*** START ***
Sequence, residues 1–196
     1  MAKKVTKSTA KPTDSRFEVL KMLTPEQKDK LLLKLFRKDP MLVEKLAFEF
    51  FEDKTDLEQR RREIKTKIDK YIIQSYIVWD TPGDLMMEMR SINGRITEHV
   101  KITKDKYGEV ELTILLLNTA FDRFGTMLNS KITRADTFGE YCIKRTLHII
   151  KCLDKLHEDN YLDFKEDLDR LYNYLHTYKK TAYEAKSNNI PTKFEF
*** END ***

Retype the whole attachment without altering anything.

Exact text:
Sequence, residues 1–196
     1  MAKKVTKSTA KPTDSRFEVL KMLTPEQKDK LLLKLFRKDP MLVEKLAFEF
    51  FEDKTDLEQR RREIKTKIDK YIIQSYIVWD TPGDLMMEMR SINGRITEHV
   101  KITKDKYGEV ELTILLLNTA FDRFGTMLNS KITRADTFGE YCIKRTLHII
   151  KCLDKLHEDN YLDFKEDLDR LYNYLHTYKK TAYEAKSNNI PTKFEF